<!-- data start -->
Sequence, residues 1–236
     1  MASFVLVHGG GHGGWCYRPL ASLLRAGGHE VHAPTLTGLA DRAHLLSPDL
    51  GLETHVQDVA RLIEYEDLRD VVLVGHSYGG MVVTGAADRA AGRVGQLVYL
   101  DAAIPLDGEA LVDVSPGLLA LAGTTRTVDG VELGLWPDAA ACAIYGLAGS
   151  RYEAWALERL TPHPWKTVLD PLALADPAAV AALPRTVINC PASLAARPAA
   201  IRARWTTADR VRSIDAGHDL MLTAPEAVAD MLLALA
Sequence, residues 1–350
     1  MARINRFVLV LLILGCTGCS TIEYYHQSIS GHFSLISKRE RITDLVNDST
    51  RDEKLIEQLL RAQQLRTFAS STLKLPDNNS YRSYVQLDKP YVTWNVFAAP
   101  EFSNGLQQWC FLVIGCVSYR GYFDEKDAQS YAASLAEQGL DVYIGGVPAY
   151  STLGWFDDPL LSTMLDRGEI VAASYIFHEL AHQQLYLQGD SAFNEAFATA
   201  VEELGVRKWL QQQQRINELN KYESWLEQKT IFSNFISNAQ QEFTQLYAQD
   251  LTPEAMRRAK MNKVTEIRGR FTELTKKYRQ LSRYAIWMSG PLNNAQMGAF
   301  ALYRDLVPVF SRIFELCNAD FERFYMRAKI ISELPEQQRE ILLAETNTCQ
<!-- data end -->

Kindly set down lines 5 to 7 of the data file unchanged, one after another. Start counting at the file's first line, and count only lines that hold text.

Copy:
   151  RYEAWALERL TPHPWKTVLD PLALADPAAV AALPRTVINC PASLAARPAA
   201  IRARWTTADR VRSIDAGHDL MLTAPEAVAD MLLALA
Sequence, residues 1–350